There’s no such thing as ‘woke coke’

Have you heard about ‘Woke Coke’ – ‘Wokaine’, if you will? Apparently drug dealers are now targeting the WaWs (Woke And Wealthy) with gear at £200 a gram (when I quit six years ago, £70 was the going price) and a promise that your particular little bindel of joy is ‘environmentally friendly’ and ‘ethically sourced’ from ‘well-paid farmers.’  Reading about it this week, I didn’t know whether to laugh, cry or call the police and report myself for historical crimes against humanity. I don’t regret much in my long, louche life. But if I could go back in time and undo one thing, I’d return to 1985 when I started taking

Get me out of here

‘If your time ain’t come, not even a doctor can kill you’ — so goes the proverb that best echoes the dilemma of an ageing humankind as we glimpse the harrowing vista of decrepitude to come: a panorama that first takes in the custard-stained wingback chairs of a soul-extinguishing care home, then yaws off nauseatingly to a vision of the demented and the drooling as they hobble into that good night. How can you swerve incarceration and indignity when you just won’t die — and, more pertinently, when no one is allowed to kill you? How to be the auteur of your own death when ‘self-euthanasia’ proves so tricky you

Just say yes

Narcos is back on Netflix, set in Mexico this time, with a cool, world-weary, manly voiceover swearily lecturing us at the beginning that if we smoked sensemilla in the 1970s, then we were partly responsible for the bloody, endless drug wars that went on to kill more than half a million people. Oh really? Sensemilla (derived from the Spanish for ‘without seeds’) is the kind of product of human ingenuity and free markets we should be celebrating, not decrying. It’s more compact than bog-standard weed, making it easier for entrepreneurs to ship, thereby increasing their profit margins. It affords a sweeter-tasting hit and a more euphoric high, thereby giving greater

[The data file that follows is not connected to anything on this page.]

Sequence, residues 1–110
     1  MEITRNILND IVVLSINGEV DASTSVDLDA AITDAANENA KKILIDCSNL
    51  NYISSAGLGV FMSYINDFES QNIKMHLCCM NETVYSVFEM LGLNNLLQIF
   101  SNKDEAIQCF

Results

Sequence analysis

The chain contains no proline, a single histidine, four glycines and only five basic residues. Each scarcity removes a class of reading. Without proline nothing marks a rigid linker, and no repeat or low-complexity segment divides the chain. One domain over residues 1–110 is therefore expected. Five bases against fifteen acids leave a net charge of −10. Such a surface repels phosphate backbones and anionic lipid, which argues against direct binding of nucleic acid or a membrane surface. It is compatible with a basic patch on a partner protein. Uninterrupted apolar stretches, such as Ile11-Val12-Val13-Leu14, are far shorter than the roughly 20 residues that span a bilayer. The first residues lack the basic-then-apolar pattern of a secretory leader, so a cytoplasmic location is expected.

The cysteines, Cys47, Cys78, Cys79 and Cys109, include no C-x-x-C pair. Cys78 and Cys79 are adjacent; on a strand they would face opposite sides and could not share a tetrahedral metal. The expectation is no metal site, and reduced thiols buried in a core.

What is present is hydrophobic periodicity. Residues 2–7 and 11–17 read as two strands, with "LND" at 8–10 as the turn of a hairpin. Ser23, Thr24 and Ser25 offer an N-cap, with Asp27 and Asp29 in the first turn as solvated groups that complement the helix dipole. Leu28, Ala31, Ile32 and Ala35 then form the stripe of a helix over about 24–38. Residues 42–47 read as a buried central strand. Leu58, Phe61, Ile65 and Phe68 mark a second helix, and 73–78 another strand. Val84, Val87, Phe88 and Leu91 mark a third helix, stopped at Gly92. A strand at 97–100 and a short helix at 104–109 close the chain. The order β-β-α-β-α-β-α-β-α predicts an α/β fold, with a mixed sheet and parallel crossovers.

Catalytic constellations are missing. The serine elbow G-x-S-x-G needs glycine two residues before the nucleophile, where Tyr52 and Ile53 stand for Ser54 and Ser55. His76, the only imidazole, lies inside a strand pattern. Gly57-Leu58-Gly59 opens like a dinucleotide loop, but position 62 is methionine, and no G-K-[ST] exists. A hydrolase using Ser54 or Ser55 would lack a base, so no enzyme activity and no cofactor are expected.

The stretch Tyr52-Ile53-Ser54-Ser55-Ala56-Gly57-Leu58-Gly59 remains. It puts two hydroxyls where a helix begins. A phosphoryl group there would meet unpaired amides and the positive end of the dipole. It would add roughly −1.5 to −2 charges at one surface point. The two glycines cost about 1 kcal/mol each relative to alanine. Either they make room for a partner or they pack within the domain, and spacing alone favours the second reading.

The Mutiny and the bounty

Sullying the glorious sunshine, sand and sea, Miami in the 1940s, when I first ventured there, was already overcrowded, vulgar and exorbitant. It got a lot worse. By the early 1980s, the period to which this sensational criminal history is devoted, it had become the capital of Cubans in exile and America’s most prosperous cocaine entrepot, where the annual murder rate was more than 300. Attempts to impose law and order were handicapped by corrupt police, a corrupt judiciary and corrupt juries. Over many years of intimate investigation of Miami at its nadir, Roben Farzad has succeeded in overcoming the formality of his Ivy League education (Princeton and Harvard) so

A QC’s guide to cocaine

As a defence silk, I come across some surprisingly intelligent drug dealers. Many of them are highly entrepreneurial and driven, and I’m often left wondering what they might have achieved if only they’d chosen a different career. Sharp operators are drawn to the narcotics trade because vast profits can be made in very little time. But then the consequences of failure, especially at the heavyweight end of the market, are rather worse than a tumbling share price. And we all make mistakes. I was recently involved in a case where a criminal mastermind had been jailed for 15 years for heroin importation, but had kept on running his empire from

Wars on drugs